Researchers have developed a system to identify patients with Crohn’s disease who do not require computed tomography (CT) evaluation, described by Shail M. Govani et al in the October issue of Clinical Gastroenterology and Hepatology.
The system uses laboratory test results to avoid CT analysis, and thereby unnecessary exposure to radiation and increased cancer risk.
People who come to the emergency department with Crohn’s disease are frequently assessed by CT. However, no significant findings are observed in 32.8%, and only 17% have complications from this disease.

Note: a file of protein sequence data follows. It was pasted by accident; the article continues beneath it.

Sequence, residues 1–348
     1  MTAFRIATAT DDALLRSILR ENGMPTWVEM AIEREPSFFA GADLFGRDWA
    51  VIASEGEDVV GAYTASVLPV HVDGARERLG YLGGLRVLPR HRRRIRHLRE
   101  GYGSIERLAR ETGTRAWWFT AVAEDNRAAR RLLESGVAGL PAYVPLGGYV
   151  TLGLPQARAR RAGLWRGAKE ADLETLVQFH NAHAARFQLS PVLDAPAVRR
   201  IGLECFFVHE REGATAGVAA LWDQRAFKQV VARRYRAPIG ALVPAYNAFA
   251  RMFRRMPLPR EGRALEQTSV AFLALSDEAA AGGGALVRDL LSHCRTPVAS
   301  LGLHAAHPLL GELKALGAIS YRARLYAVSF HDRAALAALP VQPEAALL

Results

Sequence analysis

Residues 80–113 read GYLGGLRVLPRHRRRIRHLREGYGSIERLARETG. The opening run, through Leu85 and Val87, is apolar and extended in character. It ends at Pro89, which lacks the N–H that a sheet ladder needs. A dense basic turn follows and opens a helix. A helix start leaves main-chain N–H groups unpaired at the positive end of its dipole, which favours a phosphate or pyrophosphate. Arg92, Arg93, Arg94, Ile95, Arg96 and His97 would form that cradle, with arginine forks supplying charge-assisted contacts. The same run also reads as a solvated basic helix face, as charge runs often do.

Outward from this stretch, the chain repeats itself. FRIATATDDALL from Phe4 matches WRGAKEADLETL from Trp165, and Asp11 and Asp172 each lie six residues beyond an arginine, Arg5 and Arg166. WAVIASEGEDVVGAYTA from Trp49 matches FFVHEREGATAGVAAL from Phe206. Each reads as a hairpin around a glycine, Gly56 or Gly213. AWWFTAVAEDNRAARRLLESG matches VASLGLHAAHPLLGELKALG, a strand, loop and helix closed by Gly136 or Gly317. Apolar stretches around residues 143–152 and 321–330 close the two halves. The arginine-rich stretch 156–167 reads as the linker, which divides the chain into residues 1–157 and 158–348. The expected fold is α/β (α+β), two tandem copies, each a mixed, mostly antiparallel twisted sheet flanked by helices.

Govani et al. conclude that using their system, physicians could reduce the number of CT scans by about 43%, based on analysis of 1095 emergency department visits by 613 patients.
See their video abstract:
In the video, the study’s senior author Peter D. R. Higgins says “if we reduced our use of CT scans in the emergency room in Crohn’s disease patients by 40%, over a decade, we would prevent 432 additional attributable cancers.”
Costs of CT scans in emergency rooms in the US would be reduced by $150 million over a decade, Higgins adds.